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Ironic crotch 

... and mall idolatry

The success of "American Idol" and its U.K. predecessor, "Pop Idol," has spawned at least 30 imitations and spin-offs all over the globe. India has "Indian Idol." Australia has "Australian Idol." Croatia, of course, has "Hrvatski Idol." And when they're not removing hair from their privates, Brazilians love to relax with an "American Idol"-like show called "Ídolos."

Add another to the list. North DeKalb Mall has an ongoing series of contests called -- I'm serious now -- North DeKalb Mall Idol.

The setup for North DeKalb Mall Idol is quite similar to the TV show. Singers accompanied by backing tracks perform pop songs for a panel of musically employed judges. Singers are eliminated from the competition week after week until a winner is chosen. The primary difference between North DeKalb Mall Idol and "American Idol" is visibility. "American Idol" can be seen in nearly every living room in America. North DeKalb Mall Idol can only be seen in the food court, between the International Buffet and Sbarro.

Saturday afternoon was the final contest of the latest round of North DeKalb Mall Idol. The contest opened with a performance by a "professional recording artist from Austin, Texas," who went by the name Pamela. No last name, just Pamela.

Pamela sang Mariah Carey's "Hero," dedicating it generally to the hero that she says lives in everybody, and specifically to the couple in the food court celebrating their 65th wedding anniversary.

The first contestant to take the stage was Curtis Williamson. A preppy-ish young man with an enormous voice, Williamson continued with the hero theme, firing off a version of "Wind Beneath My Wings" that makes Bette Midler's version seem understated. The judges were impressed. One said he'd clearly brought his "A-game" to the competition, while another judge, wearing sweatpants with a piano keyboard pattern printed on the legs, complimented him on the unique timbre of his voice.

The other contestant was a young lady named Rebekah Stark. She sang Alicia Keys' "Lovin' U." Despite a large cheerleading section in the food court, she stunk it up and everyone knew it. None of the judges went Simon on her, but their comments sounded more like support than praise.

Both contestants sang another song each, but it was no contest. Williamson was the winner. He goes on to the Mall of Georgia Idol competition. If he wins that, then it's on to Mall of America!

Actually, that's a lie. He won some money and studio time. The mall's next competition, for 29- to 49-year-olds, starts April 1.

Wow!: After "Idol"-ing, I drove to the Soul Vegetarian Health Complex in the West End for the "Channeling Creative Energy for Relationship Enhancement" seminar, presented by a group called Women of Wellness.

I arrived during a presentation by L'dia Men-Na'a. Men-Na'a promotes the health benefits of aromatherapy and meditation to health. While lowered stress levels are proven to improve health, at times Men-Na'a implies that her system isn't just supplemental for traditional health care, but a superior alternative. She suggested at one point that aromatherapy could cure cancer, a proposal that would kill anyone who took it literally.

She suggested that people who advise women with HIV/AIDS not to breastfeed are doing so in an effort to "wipe us out." By "us," I'm assuming she means people of color. The World Health Organization disagrees with her.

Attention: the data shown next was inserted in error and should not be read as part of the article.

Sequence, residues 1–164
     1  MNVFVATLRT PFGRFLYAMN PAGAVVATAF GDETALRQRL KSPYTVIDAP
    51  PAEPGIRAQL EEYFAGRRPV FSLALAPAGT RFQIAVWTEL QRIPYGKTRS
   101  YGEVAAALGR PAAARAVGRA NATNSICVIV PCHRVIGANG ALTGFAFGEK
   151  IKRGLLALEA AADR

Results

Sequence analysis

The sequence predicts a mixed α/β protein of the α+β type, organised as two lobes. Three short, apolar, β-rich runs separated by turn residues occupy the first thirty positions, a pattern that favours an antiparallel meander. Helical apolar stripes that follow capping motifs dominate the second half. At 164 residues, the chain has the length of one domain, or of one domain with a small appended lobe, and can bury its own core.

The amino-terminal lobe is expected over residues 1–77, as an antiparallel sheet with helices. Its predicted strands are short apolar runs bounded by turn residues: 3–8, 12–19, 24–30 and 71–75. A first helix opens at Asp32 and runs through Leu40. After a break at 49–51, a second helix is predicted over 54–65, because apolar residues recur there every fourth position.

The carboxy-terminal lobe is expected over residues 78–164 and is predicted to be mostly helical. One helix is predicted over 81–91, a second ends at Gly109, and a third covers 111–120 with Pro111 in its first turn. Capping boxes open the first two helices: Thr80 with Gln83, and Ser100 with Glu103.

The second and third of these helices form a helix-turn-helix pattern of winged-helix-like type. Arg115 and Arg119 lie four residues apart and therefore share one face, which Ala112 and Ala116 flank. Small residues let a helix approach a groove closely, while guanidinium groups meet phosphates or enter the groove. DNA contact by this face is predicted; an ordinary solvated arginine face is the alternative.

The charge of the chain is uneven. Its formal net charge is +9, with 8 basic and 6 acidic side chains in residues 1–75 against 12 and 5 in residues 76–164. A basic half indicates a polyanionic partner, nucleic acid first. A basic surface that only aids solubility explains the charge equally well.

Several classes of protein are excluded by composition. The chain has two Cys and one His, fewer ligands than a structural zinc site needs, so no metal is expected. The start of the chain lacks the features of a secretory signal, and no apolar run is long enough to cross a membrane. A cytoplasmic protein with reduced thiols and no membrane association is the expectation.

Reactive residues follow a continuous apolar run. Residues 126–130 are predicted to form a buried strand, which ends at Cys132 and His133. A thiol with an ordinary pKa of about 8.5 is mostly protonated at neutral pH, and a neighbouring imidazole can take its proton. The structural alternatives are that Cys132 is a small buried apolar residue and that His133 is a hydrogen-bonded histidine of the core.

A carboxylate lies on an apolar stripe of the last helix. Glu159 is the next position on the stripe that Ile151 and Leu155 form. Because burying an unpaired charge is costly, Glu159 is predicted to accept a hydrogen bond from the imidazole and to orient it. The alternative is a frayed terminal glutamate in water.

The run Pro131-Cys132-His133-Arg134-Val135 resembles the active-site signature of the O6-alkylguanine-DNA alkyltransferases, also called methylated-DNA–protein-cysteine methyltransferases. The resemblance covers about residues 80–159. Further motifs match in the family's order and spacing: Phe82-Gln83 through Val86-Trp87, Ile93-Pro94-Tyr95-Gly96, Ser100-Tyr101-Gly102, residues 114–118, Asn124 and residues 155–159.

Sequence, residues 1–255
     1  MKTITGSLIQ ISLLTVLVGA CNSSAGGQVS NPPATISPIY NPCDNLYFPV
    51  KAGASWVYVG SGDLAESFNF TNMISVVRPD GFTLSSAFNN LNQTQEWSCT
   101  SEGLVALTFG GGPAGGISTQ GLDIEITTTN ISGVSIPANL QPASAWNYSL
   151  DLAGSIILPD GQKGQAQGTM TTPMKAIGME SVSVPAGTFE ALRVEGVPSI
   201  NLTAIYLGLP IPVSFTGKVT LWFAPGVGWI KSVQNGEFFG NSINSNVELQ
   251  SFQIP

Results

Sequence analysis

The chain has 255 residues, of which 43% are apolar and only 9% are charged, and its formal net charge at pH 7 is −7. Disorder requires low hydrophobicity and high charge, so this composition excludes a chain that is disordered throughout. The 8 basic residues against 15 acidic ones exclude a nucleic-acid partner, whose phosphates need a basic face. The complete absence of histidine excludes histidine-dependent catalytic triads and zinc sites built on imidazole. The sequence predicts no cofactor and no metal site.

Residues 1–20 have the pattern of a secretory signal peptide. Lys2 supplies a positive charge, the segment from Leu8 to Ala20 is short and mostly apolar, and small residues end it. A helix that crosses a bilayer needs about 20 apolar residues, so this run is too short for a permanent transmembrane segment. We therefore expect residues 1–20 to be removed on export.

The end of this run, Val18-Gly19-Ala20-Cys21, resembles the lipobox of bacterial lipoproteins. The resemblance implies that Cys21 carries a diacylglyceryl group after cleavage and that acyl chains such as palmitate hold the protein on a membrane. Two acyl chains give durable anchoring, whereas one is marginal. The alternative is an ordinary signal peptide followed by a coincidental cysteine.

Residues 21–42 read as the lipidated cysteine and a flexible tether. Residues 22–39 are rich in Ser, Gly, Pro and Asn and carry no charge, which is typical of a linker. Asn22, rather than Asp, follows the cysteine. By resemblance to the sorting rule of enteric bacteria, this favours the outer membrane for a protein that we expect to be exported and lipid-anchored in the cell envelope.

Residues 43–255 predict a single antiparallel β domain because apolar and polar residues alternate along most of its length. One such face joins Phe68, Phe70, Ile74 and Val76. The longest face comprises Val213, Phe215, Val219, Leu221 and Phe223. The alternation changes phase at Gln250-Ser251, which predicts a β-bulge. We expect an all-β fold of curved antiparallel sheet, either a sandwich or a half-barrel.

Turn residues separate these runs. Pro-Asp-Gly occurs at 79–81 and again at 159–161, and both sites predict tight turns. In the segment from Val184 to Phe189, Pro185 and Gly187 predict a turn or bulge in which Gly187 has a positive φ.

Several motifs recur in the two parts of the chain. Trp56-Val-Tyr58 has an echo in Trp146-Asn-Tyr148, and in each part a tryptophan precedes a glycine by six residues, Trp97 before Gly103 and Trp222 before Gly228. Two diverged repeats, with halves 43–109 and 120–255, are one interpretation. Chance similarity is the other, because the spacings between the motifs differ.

Next up was Yirser Ra Hotep. Hotep teaches Kemetic Yoga, an Egyptian yoga discipline. Hotep said, "All yoga is African," to which the guy seated in front of me replied, "That's right!" Hotep ended his presentation with a brief yoga routine that earned him a standing ovation.

After yoga, the men and women were divided, with the men going downstairs for a presentation called "Iron Crotch Healing Qigong." Instructor Amensa Shep Teker explained that, like yoga, Qigong is an African concept that people falsely assume to be Asian. Iron Crotch Healing Qigong uses the principles of Qigong to promote sexual strength and stamina. In addition to genital weight-lifting, diet and "seed" retention are also crucial. Spread seed too frequently and you drain your body of its life force. According to Teker, to produce one drop of semen, your body spends 44 drops of blood. That's on top of what it spent on dinner and a movie.

What else: On Thursday evening, Ted Kooser visited Oglethorpe University for a reading and signing. Kooser is the poet laureate of the United States. Being poet laureate of the United States has privileges (Kooser is legally permitted to break Jewel's fingers if he ever gets the chance), but it also has responsibilities, namely promoting American poetry.

He seems to be doing a fine job. It wasn't technically sold out since admission was free, but every seat in the university's Conant Performing Arts Center was taken and there were people standing in the back.

Kooser is known and (justifiably) loved for poetic ruminations on everything from the students at the university where he worked, to rain, to the spiral notebook on his desk. He's also quite fond of peonies, mentioning them in three of the poems he read. The most beautiful poem he read was an elegy to his mother, thanking her for his appreciation of life. It was loving, sentimental, and not once trite.

Finally, on Saturday night, I joined the Chardonnayed masses for the Art Papers Art Auction, the annual gathering at Mason Murer Fine Art that sees hundreds of artists donating some of their best work to raise money for Art Papers magazine. What a great setup -- artists donating their work to raise money for art critics. I need to set up a Scene & Herd auction.

For more of Andisheh's outings, visit Scene & Herd at andy2000.org.

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